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Ports Plan for New Vessels
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Port of Virginia in Norfolk.
The Port of Virginia, in Norfolk, is currently the only East Coast port that operates a 50 ft deep channel and can routinely accommodate post-Panamax container ships. Courtesy of the Port of Virginia 

Cities along the Atlantic and Gulf coasts are planning on deepening and expanding their ports to accommodate post-Panamax vessels in time for the completion of the Panama Canal expansion project in 2014. 

January 24, 2012—Atlantic and Gulf Coast cities are deepening and expanding their ports to accommodate post-Panamax vessels—ships that carry two or three times the cargo of standard freighters—in preparation of the completion of the Panama Canal expansion in 2014. A Panamax vessel is the common name given to the largest-sized vessel that can currently pass through the Panama Canal, but the canal itself is undergoing a major expansion, deepening, and renovation to enable it to carry shipping vessels and supertankers that are even larger (Click here to see the Civil Engineering magazine online feature). Any city that can upgrade its port to accommodate these supersized vessels stands to increase its revenues and relevance as shippers seek to move more goods at a lower cost.

To prepare for post-Panamax ships, these ports need to dredge their harbors to a depth of 50 ft, but they may also need to create or expand berths, install wider cranes, and build or improve cargo terminals to handle the cargo. While many West Coast ports already have deep channels and appropriate cranes and facilities, major East Coast ports from New York to Miami, as well as such Gulf Coast ports as New Orleans, have been working to catch up.

The Port of Virginia in Norfolk is currently the only East Coast port that operates a 50 ft deep channel and can routinely accommodate post-Panamax container ships, and it has been ready since 2007, according to says Joe D. Harris, a spokesman for the Virginia Port Authority. The Port of Virginia also has the largest cranes on the market, which can reach across the cargo vessels’ widths. Although the Port of Baltimore will open its 50 ft channel in August to become the second East Coast port able to accommodate these vessels, Harris says that the Port of Virginia “is the only East Coast port that is ready from a transportation infrastructure standpoint, a terminal standpoint, and a deep water standpoint. The pieces are in place. What we are missing now is the really big vessels being placed in the East Coast rotations.”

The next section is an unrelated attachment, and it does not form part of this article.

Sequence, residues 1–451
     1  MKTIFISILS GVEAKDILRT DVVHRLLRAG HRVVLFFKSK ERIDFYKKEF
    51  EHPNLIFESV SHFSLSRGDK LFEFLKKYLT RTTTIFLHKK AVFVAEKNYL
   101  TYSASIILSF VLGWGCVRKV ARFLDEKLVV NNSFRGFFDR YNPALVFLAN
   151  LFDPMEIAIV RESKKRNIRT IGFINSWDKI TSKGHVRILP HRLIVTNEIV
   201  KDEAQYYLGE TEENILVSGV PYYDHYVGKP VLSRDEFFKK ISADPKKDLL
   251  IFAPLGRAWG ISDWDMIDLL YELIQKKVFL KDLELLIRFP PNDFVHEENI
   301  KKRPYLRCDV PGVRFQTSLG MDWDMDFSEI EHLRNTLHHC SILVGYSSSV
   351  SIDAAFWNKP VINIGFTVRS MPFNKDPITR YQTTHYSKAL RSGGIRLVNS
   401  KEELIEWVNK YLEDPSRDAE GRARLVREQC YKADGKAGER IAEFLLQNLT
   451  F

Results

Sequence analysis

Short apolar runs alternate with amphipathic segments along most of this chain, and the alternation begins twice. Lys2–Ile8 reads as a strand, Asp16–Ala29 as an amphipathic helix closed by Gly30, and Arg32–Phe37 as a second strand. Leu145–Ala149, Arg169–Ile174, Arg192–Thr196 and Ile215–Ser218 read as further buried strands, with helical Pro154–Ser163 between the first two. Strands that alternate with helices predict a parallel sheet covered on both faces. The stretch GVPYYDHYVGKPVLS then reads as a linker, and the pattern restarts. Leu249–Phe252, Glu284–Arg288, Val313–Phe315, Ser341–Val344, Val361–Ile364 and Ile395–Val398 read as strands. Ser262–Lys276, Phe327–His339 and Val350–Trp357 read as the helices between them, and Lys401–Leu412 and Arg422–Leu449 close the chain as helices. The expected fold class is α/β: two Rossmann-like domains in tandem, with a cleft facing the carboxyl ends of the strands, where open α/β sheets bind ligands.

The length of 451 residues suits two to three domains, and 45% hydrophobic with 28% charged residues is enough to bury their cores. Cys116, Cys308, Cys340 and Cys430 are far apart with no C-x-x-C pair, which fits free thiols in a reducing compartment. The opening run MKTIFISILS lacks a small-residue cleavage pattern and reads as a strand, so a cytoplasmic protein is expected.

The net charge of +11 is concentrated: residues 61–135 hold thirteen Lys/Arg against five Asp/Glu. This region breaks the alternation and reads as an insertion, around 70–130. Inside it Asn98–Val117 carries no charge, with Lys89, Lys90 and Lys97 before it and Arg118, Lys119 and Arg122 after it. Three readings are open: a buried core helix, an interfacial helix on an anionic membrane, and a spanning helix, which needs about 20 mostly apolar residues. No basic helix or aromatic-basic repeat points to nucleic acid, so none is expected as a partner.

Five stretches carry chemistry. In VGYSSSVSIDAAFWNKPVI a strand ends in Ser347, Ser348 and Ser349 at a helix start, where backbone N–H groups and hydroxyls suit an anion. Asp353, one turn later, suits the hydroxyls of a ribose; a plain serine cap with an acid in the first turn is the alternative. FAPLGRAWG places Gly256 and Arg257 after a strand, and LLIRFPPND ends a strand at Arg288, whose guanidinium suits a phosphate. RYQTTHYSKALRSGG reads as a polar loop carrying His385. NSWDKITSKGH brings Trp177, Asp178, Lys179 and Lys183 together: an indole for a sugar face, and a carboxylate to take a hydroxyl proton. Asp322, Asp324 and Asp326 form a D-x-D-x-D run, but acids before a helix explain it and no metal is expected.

As shippers gradually introduce new vessels into their operations, those ships will likely be the larger ones, Harris says.
Currently, the average vessel size is between 3,000 to 4,500 twenty-foot equivalent units (TEUs)—a unit of cargo capacity in which a 20 ft long container equals 1 TEU.

“We have been seeing some services use vessels that are in excess of nine thousand TEUs,” Harris says. “The next class is around eleven thousand. Once we see the nine thousands on a fairly regular basis, they will be the workhorse vessel.” The 9,000 TEU class of vessels can access all ports, Harris says, but often have to time their arrivals and departures with the tides; it is the 11,000 TEU ships that will require consistent 50 ft channels.

The State of Maryland has entered into a $1.8-billion public-private partnership with Ports America to operate its post-Panamax berth at the Port of Baltimore; the project will include a 50-year lease to the Iselin, New Jersey-based terminal operator. The new berth will have four extra-large post-Panamax cranes that reach across 22 containers and will accommodate vessels up to 14,000 TEU in size.

Such cities as Charleston, South Carolina; Savannah; Miami and Jacksonville, Florida; and New York City are also readying for post-Panamax ships but have encountered some obstacles along the way.